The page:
W3C home > Mailing lists > Public > public-webapps@w3.org > October to December 2011

Re: Adding methods to Element.prototype WAS: [Selectors API 2] Is matchesSelector stable enough to unprefix in implementations?

From: Aryeh Gregor <ayg@aryeh.name>
Date: Wed, 23 Nov 2011 10:03:52 -0500
Message-ID: <CAKA+AxkWid4Vk4OPs9Soq+kkO7Uebi4C-kP2tux6CEbSmSzyvg@mail.gmail.com>
To: Boris Zbarsky <bzbarsky@mit.edu>
Cc: Ojan Vafai <ojan@chromium.org>, Ian Hickson <ian@hixie.ch>, "Tab Atkins Jr." <jackalmage@gmail.com>, public-webapps@w3.org
On Tue, Nov 22, 2011 at 1:04 PM, Boris Zbarsky <bzbarsky@mit.edu> wrote:
> Again, some decent data on what pages actually do in on* handlers would be
> really good.  I have no idea how to get it.  :(

Can't browsers add instrumentation for this?  You have users who have
opted in to sending anonymized data.  So for each user, on a small
percentage of pages, intercept all bare-name property accesses in on*.
 Record the property name, and which object in the scope chain it
wound up resolving to.  Send info back to mothership.  There will be
some perf impact, but it should be no big deal if you only do it a
small percentage of the time for each user.  Of course, it might
require a bunch of work to actually code this kind of thing -- that
I'm not in a position to judge.

Moving forward, this kind of info-gathering will be really essential
for us to figure out how we can change stuff.  Right now we have to be
super-conservative when making changes because we have no idea in
advance what impact they'll have.  This is not a good thing for the
web platform, IMO.

(Aside: If we're just looking at some binary question like whether a
specific name like "matches" is doable, you should be able to do this
even without user opt-in, with no privacy breach.  Just send back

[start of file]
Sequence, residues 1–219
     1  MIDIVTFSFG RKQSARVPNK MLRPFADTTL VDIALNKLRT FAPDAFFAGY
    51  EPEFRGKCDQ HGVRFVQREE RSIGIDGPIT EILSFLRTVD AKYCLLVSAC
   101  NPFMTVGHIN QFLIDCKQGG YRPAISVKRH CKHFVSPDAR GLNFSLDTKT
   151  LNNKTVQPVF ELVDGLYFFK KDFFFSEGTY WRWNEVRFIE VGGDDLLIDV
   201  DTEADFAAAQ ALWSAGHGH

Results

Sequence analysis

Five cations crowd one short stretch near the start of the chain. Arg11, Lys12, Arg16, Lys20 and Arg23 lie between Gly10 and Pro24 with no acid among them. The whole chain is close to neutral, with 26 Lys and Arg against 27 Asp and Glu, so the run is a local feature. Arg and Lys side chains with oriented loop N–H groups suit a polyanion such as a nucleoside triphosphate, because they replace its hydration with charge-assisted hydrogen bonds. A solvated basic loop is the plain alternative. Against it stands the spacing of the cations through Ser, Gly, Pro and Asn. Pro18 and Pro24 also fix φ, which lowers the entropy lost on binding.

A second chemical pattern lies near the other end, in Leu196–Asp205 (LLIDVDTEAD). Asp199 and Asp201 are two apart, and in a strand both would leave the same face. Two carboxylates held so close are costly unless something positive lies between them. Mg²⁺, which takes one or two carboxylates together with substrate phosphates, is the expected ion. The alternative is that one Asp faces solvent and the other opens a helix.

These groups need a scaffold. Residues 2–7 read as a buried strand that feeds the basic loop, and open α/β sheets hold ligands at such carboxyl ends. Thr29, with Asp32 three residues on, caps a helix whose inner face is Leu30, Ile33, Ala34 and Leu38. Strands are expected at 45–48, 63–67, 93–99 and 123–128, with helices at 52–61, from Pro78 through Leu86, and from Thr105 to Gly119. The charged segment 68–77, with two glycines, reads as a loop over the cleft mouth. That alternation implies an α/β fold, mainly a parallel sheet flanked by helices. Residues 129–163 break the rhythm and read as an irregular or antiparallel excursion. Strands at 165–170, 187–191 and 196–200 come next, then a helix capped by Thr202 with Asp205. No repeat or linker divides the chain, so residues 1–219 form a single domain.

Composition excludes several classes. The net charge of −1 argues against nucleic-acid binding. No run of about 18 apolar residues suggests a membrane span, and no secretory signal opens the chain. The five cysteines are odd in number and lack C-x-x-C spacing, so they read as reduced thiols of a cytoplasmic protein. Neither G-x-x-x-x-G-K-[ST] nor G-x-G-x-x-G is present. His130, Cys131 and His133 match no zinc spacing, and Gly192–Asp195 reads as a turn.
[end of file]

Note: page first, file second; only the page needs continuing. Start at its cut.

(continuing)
noise with probability (n - 1)/n, and the real value with probability
1/n, for n fairly large (say 100,000).  Then average all the values
together, subtract (n - 1)/n times the mean of the distribution you
picked the noise values from, multiply by n, and you get something
very close to the true average, by the law of large numbers.

E.g., if the data is a bit, send a random bit 99.999% of the time and
the real value 0.001% of the time.  Average all the values, subtract
0.499995, multiply by 100,000, and you have roughly the true average
(error bars easily calculable).  But the bit sent back by any given
user would yield negligible information about that user to either the
browser vendor or an eavesdropper, because it's almost surely noise.
The same approach would work for any value, provided you can come up
with a plausible distribution for the noise -- which is almost
certainly not the case for string values, say.

This would all have to be reviewed by security teams, but it should be
doable in principle.  The advantage is your sample would actually be
representative, which could be important in some cases.)
Received on Wednesday, 23 November 2011 15:04:50 GMT

This archive was generated by hypermail 2.3.1 : Tuesday, 26 March 2013 18:49:49 GMT